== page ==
Can Controlling Complex Fluids In Your Body Improve Your Health?

Complex Fluids Ooze into Engineering Applications

The Datta Lab, led by Dr. Sujit Datta, Assistant Professor in Chemical and Biological Engineering at Princeton, studies the properties of complex fluids (ie: anything squishy). Some of these fluids are created, like shower gel and hand sanitizer. Others occur in nature, like mucus that lines the airways and gut in the human body. The lab studies how gooey and thick these fluids are, how they change their microscopic structure, and how quickly they move under pressure. The information gathered is used to design better complex fluids for health applications, from purifying contaminated water to delivering pharmaceuticals to target specific parts of the human body.

Complex Fluids In The Gut

The gut houses over 1,000 species of bacteria, some of which can be “good” (like probiotics), some of which can be “bad” (like pathogens). Our gut is lined by a squishy mucus gel whose mesh structure helps to keep “bad” bacteria from getting through but enables nutrients, beneficial molecules, and some drugs to pass through unimpeded. In many diseases or disorders, this mesh structure is disturbed. The Datta Lab has been studying this squishy mucus gel as a biomaterial, using tools from physics and materials science. Recently, they discovered that polymers in the gut, such as dietary fibers from the fruits and vegetables that you eat, can compress the gel, potentially making the pores in it smaller. This level of control might offer protection and mitigation of disease.

Complex Fluids In The Lungs

The lungs are also protected by a complex fluid — a thick mucus solution that helps trap inhaled pathogens (like bacteria or viruses) or particulates. In many respiratory disorders, like cystic fibrosis and COPD, the mucus becomes thick and highly concentrated, making it difficult to clear from the lungs, resulting in breathing disorders and possible infections. As with the gut, the Datta Lab has been studying this squishy mucus solution as a biomaterial: specifically, how its microstructure impacts how pathogens infect the lungs, and how physical or chemical factors can be used to control this microstructure. The insights from this work could help guide the design of therapeutic interventions to prevent infections and promote opening of the lungs in respiratory disorders.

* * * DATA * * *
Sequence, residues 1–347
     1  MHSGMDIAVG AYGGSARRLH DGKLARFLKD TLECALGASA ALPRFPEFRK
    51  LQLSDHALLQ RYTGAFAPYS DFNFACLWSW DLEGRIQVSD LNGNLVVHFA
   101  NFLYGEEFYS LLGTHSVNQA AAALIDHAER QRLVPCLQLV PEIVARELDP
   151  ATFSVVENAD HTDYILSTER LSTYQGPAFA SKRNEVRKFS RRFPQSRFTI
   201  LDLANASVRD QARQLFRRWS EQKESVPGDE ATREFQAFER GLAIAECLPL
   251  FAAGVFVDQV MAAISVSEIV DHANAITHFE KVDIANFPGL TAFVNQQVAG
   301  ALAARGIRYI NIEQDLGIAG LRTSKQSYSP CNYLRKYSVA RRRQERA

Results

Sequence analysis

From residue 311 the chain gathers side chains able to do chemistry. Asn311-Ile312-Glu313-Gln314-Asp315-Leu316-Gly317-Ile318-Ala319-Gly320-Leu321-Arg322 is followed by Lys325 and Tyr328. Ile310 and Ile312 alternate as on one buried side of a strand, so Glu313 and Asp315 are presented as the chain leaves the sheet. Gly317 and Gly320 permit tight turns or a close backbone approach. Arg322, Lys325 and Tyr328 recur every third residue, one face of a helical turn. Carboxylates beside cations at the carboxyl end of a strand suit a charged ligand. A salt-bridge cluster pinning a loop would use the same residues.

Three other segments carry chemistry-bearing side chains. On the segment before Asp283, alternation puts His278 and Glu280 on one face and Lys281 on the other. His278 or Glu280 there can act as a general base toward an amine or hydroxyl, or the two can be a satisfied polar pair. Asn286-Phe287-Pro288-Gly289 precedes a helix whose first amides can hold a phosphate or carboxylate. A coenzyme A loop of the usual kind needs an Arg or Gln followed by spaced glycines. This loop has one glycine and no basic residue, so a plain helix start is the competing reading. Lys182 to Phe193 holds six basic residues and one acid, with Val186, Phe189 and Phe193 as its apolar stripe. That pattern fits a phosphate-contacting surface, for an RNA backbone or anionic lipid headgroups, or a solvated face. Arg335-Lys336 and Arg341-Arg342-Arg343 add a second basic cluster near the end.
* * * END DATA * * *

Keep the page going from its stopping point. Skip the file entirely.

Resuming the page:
Complex Fluids For Water Purification

The Datta Lab’s work on complex fluids is not just restricted to those in the body. They are also studying how squishy complex fluids can be engineered and applied to solve other real-world health problems. One prominent example is the case of water contamination by industrial chemicals. These often seep into and become trapped within the groundwater aquifers that supply our drinking water, with adverse effects on health and ecology. The Datta lab has found that a polymer solution—another complex fluid—can be used to push trapped contaminants out of aquifers. This provides a promising engineering solution to this prominent environmental and health problem. Surprisingly, it turns out that the way airway mucus changes is similar to the way a polymer solution changes its microstructure when it’s pumped through a porous rock (like that of an aquifer). Because of this similarity, researchers in the Datta Lab are able to use similar ideas and tools to analyze both of these different types of complex fluids and their possible applications.


At face value, gut health, lung health and water remediation probably don’t sound like they have much in common. However, through this research, chemical and biochemical engineers in the Datta Lab are using complex fluids to solve real world problems in the areas of health, water, and energy.


Sujit Datta is the Principal Investigator of the Datta Lab. He did his undergraduate work at the University of Pennsylvania, graduate work at Harvard, postdoctoral work at Caltech, and is now an Assistant Professor of Chemical and Biological Engineering at Princeton. Sujit grew up in Toronto, but lost most of his Canadian accent by living in Abu Dhabi, Philadelphia, Boston, and Los Angeles before moving to New Jersey. His favorite things about the lab are the sheer joy of discovering new things and the pleasure of working with his exceptionally talented students. In his free time, Sujit likes to spend time with his family, video conference with his baby niece, cook, eat, run, and reminisce about his past life as a competitive kickboxer.


2008 LeRoy Apker Award